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Another New Book Available: States of the Union, The History of the United States through Presidential Addresses, 1789-2023

Mount Greylock Books LLC has published States of the Union: The History of the United States through Presidential Addresses, 1789-2023.   St...

Friday, November 28, 2014

Women's rights, economic rights, and human rights

For the past forty  years, as I've often noted, the left has been obsessed with the rights of less well of groups: black Americans, women, gays, and others.  And indeed, in some respects they have made great progress towards achieving full rights for these groups.  Gays in particular can now come out of the closet, form relationships, and even marry in most of the country.  Both women and minorities are far more represented in management and the professions, even though their champions claim that they are still underrepresented.  They also hold more public offices.  The elite of America, in short, is far more integrated by gender and race than it has ever been before.  Yet meanwhile, the elite has become much richer relative to the population, the economically lower half of the population has essentially no wealth, and uneducated people have lost the opportunities for job security and a reasonable life that they enjoyed before the de-industrialization of America.

A number of stories that I have read recently suggest to me that the gains of women, in particular, have been limited to a relatively small portion of the population, precisely because of increasing economic inequality.  The first, oddly enough, is the Ray Rice case, and related stories about the plight of NFL wives that have appeared in its wake.  With rare exceptions, NFL players come from relatively poor backgrounds.  The few college football players who actually make it into the league suddenly enjoy undreamed of wealth,. which makes it easy for them to induce young women of relatively modest backgrounds to live with an marry them.  The women seem to be willing to do so without any kind of prenuptial agreement that would do something to assure their economic future if their relationship goes badly.   (Perhaps some young women would like to do this, and a few may do so, but there is no shortage of those who will not.)  And thus, the economic pressure to remain within an abusive relationship becomes tremendous.  Rice's wife did not want the courts to take more severe legal action against her husband, and she issued a statement regretting that the NFL had become interested in the case.  Rice has raised her well up the economic ladder, and she presumably has no way of getting there on her own.  If professional athletes were compensated at a more modest rate, and good long-term jobs were available to the general population, these situations would not arise so much.  Money simply gives some individuals too much power over others.  (This morning's paper informs me that the NFL's arbitrator--a female judge--has overturned Rice's suspension on the grounds that he could not be punished twice for the same offense.   The lynch mob mentality that now dominates the media and university life still occasionally runs up against the protection of the legal system.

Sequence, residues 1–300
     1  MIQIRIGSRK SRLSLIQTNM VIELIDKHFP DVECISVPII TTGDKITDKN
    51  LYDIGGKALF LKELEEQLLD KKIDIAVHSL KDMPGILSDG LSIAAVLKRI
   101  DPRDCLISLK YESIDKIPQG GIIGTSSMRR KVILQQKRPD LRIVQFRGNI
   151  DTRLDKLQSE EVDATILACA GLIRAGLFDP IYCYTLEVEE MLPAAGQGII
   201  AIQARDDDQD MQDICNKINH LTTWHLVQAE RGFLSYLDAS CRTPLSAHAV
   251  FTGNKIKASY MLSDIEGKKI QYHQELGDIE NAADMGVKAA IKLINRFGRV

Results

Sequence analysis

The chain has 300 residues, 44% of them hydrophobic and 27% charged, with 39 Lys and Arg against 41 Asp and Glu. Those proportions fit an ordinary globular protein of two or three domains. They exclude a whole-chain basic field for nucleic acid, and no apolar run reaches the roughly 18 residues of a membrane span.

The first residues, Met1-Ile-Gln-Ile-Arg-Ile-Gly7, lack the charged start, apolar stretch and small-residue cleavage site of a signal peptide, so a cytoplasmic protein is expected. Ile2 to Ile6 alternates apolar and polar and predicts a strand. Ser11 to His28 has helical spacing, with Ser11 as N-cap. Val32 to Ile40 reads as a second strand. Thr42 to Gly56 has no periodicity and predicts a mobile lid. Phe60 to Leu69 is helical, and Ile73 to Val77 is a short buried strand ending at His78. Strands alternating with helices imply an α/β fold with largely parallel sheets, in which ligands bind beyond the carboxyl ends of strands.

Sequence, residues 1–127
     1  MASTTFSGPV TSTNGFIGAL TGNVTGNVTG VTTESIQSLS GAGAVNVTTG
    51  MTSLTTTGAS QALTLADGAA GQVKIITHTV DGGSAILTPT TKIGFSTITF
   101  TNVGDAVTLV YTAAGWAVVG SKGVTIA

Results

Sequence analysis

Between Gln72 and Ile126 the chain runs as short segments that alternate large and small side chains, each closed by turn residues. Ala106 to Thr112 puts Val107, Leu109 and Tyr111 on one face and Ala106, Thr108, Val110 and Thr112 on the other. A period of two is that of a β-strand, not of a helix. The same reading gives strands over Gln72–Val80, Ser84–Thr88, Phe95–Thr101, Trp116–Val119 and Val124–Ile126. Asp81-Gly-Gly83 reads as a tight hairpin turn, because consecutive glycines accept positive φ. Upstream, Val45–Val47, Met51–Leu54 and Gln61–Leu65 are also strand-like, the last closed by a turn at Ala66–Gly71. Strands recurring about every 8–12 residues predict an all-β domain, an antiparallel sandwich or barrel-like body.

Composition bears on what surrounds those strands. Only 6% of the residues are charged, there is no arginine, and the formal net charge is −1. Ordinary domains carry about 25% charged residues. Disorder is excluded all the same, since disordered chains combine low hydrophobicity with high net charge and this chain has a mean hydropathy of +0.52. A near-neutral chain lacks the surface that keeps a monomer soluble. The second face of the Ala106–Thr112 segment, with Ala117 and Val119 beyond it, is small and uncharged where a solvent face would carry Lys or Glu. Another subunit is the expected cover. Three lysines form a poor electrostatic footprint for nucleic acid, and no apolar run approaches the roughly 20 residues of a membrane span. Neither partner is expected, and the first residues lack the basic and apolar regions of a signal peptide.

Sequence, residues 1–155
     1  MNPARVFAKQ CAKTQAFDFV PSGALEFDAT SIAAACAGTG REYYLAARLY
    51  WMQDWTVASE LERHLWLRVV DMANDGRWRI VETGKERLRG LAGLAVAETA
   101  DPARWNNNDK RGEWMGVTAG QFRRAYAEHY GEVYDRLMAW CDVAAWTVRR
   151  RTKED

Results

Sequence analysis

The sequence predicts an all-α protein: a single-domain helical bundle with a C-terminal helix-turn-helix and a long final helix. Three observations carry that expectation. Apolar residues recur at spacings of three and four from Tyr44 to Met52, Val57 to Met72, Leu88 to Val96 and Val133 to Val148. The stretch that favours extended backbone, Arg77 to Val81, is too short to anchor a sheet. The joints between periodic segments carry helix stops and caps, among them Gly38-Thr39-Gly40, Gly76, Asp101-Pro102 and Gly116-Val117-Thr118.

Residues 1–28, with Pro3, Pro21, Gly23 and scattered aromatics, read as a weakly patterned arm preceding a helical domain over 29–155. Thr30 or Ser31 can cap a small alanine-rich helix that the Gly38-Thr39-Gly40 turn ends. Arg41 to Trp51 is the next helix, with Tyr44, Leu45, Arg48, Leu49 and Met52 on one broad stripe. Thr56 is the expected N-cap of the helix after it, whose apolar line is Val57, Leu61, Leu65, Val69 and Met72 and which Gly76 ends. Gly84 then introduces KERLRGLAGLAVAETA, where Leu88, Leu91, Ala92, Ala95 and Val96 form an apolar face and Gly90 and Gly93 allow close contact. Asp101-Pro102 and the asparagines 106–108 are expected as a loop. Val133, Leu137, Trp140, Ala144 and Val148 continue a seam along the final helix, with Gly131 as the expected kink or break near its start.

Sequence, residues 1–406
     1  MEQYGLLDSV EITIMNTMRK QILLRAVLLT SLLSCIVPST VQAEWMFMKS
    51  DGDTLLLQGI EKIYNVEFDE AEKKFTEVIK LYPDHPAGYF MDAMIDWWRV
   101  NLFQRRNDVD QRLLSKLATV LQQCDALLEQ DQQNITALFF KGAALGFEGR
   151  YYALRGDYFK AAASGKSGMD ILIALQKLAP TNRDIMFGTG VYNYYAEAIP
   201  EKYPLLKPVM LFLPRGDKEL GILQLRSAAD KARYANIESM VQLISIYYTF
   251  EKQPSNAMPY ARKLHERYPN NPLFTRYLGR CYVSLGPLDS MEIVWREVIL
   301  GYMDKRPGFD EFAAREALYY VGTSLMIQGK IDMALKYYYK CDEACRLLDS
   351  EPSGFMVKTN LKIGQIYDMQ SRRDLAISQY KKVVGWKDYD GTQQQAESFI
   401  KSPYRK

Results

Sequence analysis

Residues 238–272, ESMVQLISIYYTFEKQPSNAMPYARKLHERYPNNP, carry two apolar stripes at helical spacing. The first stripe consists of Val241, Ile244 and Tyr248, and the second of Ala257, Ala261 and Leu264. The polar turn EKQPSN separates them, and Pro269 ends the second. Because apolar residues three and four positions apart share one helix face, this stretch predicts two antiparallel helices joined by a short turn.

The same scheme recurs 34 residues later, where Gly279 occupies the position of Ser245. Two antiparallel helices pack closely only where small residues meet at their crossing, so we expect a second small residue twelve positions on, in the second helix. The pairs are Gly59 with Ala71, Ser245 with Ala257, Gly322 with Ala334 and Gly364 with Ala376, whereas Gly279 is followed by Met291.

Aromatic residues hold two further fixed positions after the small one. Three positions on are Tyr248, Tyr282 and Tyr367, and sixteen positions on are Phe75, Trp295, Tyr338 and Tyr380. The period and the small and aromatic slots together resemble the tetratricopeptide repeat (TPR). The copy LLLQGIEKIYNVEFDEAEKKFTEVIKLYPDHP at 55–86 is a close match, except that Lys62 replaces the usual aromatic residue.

A second story concerned female undergraduates at leading universities.  Burdened by the disgraceful cost of higher education, a number of them are making ends meet, it seems, by finding older, wealthy male protectors on web sites who will pay very handsomely for casual sexual encounters.  I was immediately struck by the 19th-century flavor of these arrangements. Balzac's novels are full of them, even though the kept women he describes simply want to live in luxury, rather than pay for the education that is the price of admission to the elite. Thomas Piketty has shown that we are returning to 19th-century levels of income inequality, and we should therefore not be surprised to see older patterns of behavior re-emerge.   Ironically, while colleges become more and more concerned about sexual assault on campus, their tuition has risen so high that some of their female students apparently find it necessary to sell themselves off campus.  Once again we see that questions of gender equity cannot be separated from economic questions.